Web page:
Thursday, October 15, 2009

Set in Stone



TERRACOTTA WARRIORS: GUARDIANS OF CHINA'S FIRST EMPEROR the exhibit at Houston's Museum of Natural Science closes this weekend! The famous warriors were built at the orders of Emperor Qin Shi Huang, who feared for his safety in the afterlife. In the course of becoming China's first emperor he buried scholars and burned books, a power that today's physics censors can only envy. To keep his army organised, Qin even built terracotta bureacrats. Over 8,000 terracotta warriors guard the emperor's tomb.

As you can see, I've recently met one of those commenters who insist that the speed of light is constant. He seemed to be an educated sort, and asked long lists of detailed questions. When those objections were answered, he brought up some more. New physics was beyond him, so it must be wrong! Finally it became obvious that no amount of reason or data would move this man:

"So, you say that you can better 'conceptualise' this than all the thousands of physicists in the last about 90 years who have studied General Relativity, and better than the even more thousands of mathematicians who have studied Riemannian geometry for even more decades?"

We regret that all such comments can not be answered. Someone who acts onstage wearing a towel gets much nicer comments from men! Einstein said that insanity is doing the same thing repeatedly while expecting a different result, and talking to a brick wall with a PhD hanging from it is still talking to a brick wall. Perhaps nothing will change this man's attitude, but we enjoy his company nonetheless.

(No original terracotta warriors were harmed during filming. This is a knockoff, made in China.)

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5 Comments:

Blogger Kea said...

Louise, I appreciate your continual enthusiasm, especially when things are not going so well for me.

5:04 PM  
Blogger L. Riofrio said...

We must be cheerful, even when things are not all sunny. Life is good, as I hope these posts show.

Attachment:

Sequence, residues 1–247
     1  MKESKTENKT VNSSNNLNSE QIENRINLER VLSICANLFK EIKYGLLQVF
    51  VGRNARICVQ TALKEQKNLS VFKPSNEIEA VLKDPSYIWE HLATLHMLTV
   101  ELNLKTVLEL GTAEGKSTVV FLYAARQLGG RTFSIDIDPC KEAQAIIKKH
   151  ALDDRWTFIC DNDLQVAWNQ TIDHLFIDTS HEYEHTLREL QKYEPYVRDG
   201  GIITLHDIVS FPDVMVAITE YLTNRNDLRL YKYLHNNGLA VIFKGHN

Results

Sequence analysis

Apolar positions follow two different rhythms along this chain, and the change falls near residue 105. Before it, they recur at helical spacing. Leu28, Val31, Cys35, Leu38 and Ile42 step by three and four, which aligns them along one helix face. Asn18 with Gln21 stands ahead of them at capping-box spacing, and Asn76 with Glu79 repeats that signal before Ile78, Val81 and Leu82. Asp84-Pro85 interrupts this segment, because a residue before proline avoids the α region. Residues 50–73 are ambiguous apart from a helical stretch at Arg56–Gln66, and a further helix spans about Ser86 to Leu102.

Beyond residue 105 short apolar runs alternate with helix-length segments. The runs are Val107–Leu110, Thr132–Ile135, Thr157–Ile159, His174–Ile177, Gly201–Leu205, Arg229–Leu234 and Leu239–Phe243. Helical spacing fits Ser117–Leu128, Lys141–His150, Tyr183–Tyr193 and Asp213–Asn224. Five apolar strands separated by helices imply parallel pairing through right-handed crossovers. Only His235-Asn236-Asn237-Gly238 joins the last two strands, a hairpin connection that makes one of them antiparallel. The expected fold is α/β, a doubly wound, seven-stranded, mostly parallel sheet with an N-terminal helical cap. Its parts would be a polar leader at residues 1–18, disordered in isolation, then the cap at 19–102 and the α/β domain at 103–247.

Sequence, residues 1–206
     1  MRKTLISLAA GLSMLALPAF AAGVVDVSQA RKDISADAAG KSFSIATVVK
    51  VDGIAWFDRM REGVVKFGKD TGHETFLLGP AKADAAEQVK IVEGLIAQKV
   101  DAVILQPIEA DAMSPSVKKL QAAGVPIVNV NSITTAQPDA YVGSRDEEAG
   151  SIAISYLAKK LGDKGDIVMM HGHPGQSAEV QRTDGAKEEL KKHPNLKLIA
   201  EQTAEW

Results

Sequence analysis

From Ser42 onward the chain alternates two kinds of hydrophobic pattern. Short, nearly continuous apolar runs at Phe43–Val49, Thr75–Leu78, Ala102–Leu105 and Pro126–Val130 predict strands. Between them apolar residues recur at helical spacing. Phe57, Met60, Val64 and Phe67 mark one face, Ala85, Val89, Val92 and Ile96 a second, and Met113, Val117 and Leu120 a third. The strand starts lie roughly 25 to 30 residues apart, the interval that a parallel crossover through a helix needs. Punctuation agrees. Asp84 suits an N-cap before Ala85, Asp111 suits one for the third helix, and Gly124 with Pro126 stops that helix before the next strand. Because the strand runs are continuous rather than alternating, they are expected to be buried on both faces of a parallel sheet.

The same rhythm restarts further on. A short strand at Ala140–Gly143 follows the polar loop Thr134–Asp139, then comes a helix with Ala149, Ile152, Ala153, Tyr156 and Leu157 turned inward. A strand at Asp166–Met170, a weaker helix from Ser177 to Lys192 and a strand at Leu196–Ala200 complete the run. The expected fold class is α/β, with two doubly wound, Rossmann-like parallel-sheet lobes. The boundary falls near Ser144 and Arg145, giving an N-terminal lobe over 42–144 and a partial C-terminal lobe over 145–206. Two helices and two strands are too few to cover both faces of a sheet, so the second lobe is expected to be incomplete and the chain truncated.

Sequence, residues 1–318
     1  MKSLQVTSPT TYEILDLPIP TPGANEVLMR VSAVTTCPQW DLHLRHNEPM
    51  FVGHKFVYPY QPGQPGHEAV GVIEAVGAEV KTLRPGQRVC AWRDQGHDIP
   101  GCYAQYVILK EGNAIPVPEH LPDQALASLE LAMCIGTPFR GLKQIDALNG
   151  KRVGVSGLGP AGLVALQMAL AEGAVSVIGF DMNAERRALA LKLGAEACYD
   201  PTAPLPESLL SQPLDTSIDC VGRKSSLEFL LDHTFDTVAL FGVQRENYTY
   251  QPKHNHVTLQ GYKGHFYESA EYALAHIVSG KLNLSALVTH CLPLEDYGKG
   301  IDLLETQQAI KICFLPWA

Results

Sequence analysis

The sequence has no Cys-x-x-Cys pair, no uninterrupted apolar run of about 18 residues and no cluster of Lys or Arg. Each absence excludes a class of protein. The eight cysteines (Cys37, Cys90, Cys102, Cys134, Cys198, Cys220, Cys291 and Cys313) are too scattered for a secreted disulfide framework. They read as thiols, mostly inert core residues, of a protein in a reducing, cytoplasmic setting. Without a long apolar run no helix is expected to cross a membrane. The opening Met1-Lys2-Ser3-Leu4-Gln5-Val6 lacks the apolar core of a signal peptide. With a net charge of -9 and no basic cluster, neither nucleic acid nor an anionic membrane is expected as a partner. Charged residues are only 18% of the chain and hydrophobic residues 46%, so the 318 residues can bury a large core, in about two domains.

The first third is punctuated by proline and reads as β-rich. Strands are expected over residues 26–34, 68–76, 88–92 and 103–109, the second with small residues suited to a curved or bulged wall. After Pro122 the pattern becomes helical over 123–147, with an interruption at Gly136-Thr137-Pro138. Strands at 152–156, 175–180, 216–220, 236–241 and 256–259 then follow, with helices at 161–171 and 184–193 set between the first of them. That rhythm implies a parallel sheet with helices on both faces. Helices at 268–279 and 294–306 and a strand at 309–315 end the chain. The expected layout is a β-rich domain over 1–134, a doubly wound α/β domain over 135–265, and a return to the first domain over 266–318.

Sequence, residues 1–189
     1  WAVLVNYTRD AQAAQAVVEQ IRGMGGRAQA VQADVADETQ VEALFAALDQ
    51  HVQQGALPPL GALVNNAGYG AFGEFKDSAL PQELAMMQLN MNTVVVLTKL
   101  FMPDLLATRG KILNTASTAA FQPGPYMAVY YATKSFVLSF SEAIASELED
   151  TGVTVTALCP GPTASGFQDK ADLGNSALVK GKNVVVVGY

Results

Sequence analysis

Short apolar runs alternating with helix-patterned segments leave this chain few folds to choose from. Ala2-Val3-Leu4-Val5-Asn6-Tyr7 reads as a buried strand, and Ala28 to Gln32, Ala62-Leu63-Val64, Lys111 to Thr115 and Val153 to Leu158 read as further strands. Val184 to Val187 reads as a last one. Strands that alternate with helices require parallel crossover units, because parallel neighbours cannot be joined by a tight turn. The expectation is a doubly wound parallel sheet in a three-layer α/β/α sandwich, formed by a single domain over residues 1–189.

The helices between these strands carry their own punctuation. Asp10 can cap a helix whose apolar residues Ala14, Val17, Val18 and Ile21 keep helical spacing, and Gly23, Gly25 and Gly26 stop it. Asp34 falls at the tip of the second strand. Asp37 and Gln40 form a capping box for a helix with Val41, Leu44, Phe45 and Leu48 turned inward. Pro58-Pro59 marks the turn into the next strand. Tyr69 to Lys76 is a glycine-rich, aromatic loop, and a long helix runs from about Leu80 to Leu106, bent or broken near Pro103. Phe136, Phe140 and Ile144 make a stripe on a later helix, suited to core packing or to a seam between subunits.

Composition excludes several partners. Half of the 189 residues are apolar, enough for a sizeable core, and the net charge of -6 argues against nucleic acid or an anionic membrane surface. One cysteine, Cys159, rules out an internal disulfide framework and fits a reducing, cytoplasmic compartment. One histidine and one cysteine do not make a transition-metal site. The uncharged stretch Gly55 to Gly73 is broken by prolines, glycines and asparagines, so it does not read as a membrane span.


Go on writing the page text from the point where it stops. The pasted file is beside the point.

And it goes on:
3:34 PM  
Anonymous Bjoern said...

I'm the commenter you mention here - and you misrepresent our exchange in several ways.

1) I never insisted that the speed of light is constant. If you want to claim that I insisted on that, please quote me where I said that. In fact, I'm comfortable with the idea of a changing speed of light! I only have some questions about your specific model for that.

2) As I already explained some weeks ago, the comment you quote here was not about your whole model - it was simply about your assertion that you can visualize an expanding S^3 sphere.

3) I didn't bring up "objections" to your model - I merely asked some questions. And I'm still waiting for the answer to my last question, posed about 4 months ago: Why do you set z = 0 in the Friedmann equation (which corresponds to a flat space), although you have repeatedly said that in your model, space is a (S^3) sphere (which would correspond to z = 1)?

4) I'm perfectly willing to "change my attitude". Simply answer my questions, please.

3:20 AM  
Blogger L. Riofrio said...

Hello Bjoern, and thank you for your patience. As seen in the blog, things have been very busy the past 4 months.

To answer your question about z = 0, a "flat" density does not automatically lead to flat geometry. At a given time t R = ct is equal everywhere. That is a sphere whether in 3 dimensions or 4.

I've just been reading from Carl Sagan's COSMOS. In the 1970's cosmologists were happy with a "closed unbounded" spherical space. Only after the onset of inflation did scientists suggest that the universe was geometrically flat, like the Earth.

I still consider your statement to be an enormous compliment, so thanks again for sticking around.

12:50 PM  
Anonymous Bjoern said...

Sorry, I don't understand what exactly you mean with "flat density".

And you still haven't answered my question *why* you use z = 0. A S^3 sphere is described by z = 1, not by z = 0, as Einstein explains in the book you mentioned.

Your comment about Sagan's book and the change in the mind of the cosmologists is right, but misses the point of my question. I didn't want to imply that space is geometrically flat. I simply ask you why you use the Friedmann equation in the form which applies only to a geometrically flat space, not to a S^3 sphere.

4:45 AM  

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